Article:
Facebook Hackers Use 'Watering Hole' Tactic

Dennis Faas's picture

Facebook has confirmed it was attacked by someone using a particularly sophisticated hacking technique. It says it doesn't appear the hackers were able to access any user data, but the site says it is taking the issue very seriously.

The hackers didn't use the direct approach favored by many would-be attackers who either try to simply access a website's public servers, or send bogus emails to staff in the hope of tricking them into opening infected attachments.

Hackers Lay Trap for Developers

Instead, the hackers breached security at an external website used by developers of mobile applications and websites, including Facebook. Having breached this site, the hackers laid a trap for visitors that installed malicious software.

This tactic has been dubbed a "watering hole" attack, the idea being that it resembles the way some predators in the wild don't go after prey in their homes, but instead lie in wait at a watering hole where they know the prey will eventually have to visit.

In this case, the watering hole was the developer site. (Source: arstechnica.com)

Three Hacker Tactics Combine to Spell Trouble For Facebook

The attack itself used a dangerous combination of three better-known hacker tactics. First, it used a zero-day exploit, meaning it took advantage of a security flaw that wasn't yet known to the creators of the relevant software, in this case Java.

That in turn means there isn't a fix for the flaw: Facebook notes its engineers were running fully-patched software with up-to-date antivirus packages.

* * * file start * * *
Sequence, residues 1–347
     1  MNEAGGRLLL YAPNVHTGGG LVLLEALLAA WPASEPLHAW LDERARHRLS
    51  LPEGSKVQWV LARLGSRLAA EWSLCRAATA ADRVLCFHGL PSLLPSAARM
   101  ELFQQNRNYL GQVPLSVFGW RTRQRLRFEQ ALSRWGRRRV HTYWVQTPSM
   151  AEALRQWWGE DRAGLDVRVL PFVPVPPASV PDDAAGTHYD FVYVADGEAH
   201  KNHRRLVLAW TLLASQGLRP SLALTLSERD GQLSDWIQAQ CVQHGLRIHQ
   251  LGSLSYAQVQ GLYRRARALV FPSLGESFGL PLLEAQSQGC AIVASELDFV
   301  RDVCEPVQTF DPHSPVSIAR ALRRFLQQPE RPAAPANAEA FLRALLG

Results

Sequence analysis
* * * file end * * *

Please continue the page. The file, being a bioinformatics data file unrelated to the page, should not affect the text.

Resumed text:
Second, the attack was a "drive-by download," meaning it was created in such a way that the computer automatically downloads and tries to install the malicious software the moment the user visits a website. It doesn't require the user to specifically click to agree to the download.

Finally, the security flaw in question was particularly dangerous as it allowed the malware to breach a sandbox, a security measure that effectively walls off different sections of a computer's resources so that if one section is compromised, it can't damage or take control of the entire computer.

Facebook says it immediately contacted law enforcement officials to report the attack. It also got in touch with Oracle, the developers of Java, and Oracle quickly released a fix.

Facebook also shared details of the attack with other users of the developer website. (Source: facebook.com)

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